Background processing in ASP.NET


As part of my bicycle climbs website, I need to spend some time calling a web service to fetch the elevation of 250 different points. Each call takes a few seconds.


Ideally, what I would have is a way to start the processing but not have it block my normal page processing operation.


Ideas? I looked at the MSDN docs here, but that requires me to continually refresh the page. I could do that if necessary if there’s no other way.


Comments (11)

  1. Josh Twist says:

    AJAX?

    This sounds like the perfect use for it.

    You could even use MS’s Atlas framework.

  2. Dan McKinley says:

    I’m not sure I completely understand your problem, but there’s no reason you couldn’t start a worker thread for this purpose. If it’s a one-time event you could stick it in Application_Start.

  3. Jim K says:

    If you want users to be able to view and use a page while the elevation data is being loaded, the best approach is AJAX and if possible MS Atlas Framework.

  4. Chris Lundie says:

    Another technique is to use a hidden iframe that loads the "slow" stuff, and it can use a line of javascript to update the parent page when it’s ready.

  5. Jeff Parker says:

    http://msdn.microsoft.com/msdnmag/issues/05/01/ASPNETPerformance/

    I hope this helps you out Eric, this is an older article but Tip Number 6 how to do Background Processing in asp.net I think should fit the bill.

  6. dhchait says:

    The way I’ve done this for big, mission-critical production systems (which may be different than what you need) is to write, via some persistent mechanism (ie write a records in a database table, post an MSMQ message, etc), the data about the longrunning work to be done. In your example, you’d write 250 records, each with say an X,Y coordinate, a status of pending, and an elevation of NULL.

    Then you have a separate .exe which runs (as a service) and periodically polls for new records

    (something like "SELECT * FROM workItem WHERE Status="Pending"), and processes that work, ten writes the value in the record and sets status to "Complete". Obviously you put in logic for other status such as error, timed out, etc. as needed.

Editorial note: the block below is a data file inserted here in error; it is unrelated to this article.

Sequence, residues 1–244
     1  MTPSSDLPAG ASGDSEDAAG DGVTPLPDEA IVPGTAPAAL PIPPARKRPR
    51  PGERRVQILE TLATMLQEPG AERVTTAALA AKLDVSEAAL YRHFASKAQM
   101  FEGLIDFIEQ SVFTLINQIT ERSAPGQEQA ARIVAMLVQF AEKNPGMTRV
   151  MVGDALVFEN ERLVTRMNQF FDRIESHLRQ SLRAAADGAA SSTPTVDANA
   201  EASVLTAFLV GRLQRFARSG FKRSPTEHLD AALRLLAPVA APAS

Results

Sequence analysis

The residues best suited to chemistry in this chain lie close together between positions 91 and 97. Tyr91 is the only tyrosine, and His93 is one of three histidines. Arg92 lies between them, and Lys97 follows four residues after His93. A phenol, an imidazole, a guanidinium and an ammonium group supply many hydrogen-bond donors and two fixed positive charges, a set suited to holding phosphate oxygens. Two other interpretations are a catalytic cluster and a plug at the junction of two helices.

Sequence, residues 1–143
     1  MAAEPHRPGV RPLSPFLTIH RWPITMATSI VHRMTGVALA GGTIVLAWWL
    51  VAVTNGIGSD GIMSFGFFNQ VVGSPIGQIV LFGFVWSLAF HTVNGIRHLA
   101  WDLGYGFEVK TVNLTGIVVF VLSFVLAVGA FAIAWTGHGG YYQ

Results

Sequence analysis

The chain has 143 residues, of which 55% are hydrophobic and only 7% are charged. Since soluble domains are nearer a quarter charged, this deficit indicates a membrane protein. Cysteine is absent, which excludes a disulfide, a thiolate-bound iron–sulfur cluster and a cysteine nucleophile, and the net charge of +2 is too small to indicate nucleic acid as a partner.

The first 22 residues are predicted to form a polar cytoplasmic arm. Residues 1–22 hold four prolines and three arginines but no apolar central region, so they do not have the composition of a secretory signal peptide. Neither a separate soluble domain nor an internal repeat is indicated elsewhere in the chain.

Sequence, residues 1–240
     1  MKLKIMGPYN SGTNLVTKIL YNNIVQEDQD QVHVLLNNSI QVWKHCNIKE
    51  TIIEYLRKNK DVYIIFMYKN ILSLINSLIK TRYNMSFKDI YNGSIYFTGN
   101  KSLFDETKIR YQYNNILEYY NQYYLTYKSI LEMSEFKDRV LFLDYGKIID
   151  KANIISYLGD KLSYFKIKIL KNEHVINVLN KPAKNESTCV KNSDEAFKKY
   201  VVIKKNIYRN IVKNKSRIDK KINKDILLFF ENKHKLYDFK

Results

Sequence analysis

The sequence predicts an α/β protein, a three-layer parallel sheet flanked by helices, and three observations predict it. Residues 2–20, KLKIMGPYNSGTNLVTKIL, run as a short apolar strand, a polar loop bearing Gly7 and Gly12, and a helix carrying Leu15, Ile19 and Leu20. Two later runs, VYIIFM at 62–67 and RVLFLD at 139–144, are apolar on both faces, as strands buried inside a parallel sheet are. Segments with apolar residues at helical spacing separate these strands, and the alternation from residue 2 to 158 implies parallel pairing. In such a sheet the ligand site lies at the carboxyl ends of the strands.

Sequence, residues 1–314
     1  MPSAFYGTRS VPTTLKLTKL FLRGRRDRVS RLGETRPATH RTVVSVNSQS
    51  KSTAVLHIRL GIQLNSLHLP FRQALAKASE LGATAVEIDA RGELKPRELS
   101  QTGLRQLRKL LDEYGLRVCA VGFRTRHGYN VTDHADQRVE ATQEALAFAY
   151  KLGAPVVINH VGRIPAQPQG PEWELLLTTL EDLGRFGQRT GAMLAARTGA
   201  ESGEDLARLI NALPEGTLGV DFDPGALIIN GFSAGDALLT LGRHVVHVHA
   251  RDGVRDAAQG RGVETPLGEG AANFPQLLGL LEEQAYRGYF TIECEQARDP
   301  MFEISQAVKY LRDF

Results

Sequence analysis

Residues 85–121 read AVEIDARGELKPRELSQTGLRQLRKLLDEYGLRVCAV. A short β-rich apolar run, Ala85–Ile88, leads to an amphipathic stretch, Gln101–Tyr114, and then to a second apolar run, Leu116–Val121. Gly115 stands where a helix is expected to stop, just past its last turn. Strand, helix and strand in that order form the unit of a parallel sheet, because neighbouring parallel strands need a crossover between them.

Your asp is then very simple – user sumbits request, they are redirected to a status page, which can either be some simple interstitial page with a meta-refresh (or fancy javascript0, or to a boring "pending jobs" page which just shows the table of pending jobs. To get super fancy, you can even let them do things to those jobs, like say cancel or pause them, move them up/down in priority, resumbit them, etc.

    Other benefits:

    Since the website code is so loosely coupled to the "doing work" code, you can for instance, shut down the service for a bit and not affect the users – their jobs will just stay pending for a little longer. Manageable!

    You can easily unit test the "doing work" bit without having to putz around in your web code. Testable!

    You can add workers trivially – just set up more boxes and point them to the "work item" database. Scalable!

  7. Lee says:

    How often do the elevations change? 🙂

    Why don’t you parse the data into a format most useful for your application, and hard code it? You probably want to write a tool to converts the real underlying data to your special format, but there is no need for the site to be truly dynamic.

    That’s the approach I took for my Commute Times survey: http://www.leeholmes.com/projects/commute

  8. ericgu says:

    Lee,

    The user draws a path on the map, and I fetch the elevations from the USGS web service based on that path.

    I’d looked at getting my own copy of the elevation data. I might be able to do it if I was only concerned about Washington, but at the level of resolution I want, the Puget Sound area by itself is well over a Gig of data, and I’d like to cover the whole US, so it just isn’t practical.

  9. Ricky Dhatt says:

    Eric – I’d be interested to know what approach you finally ended up implementing.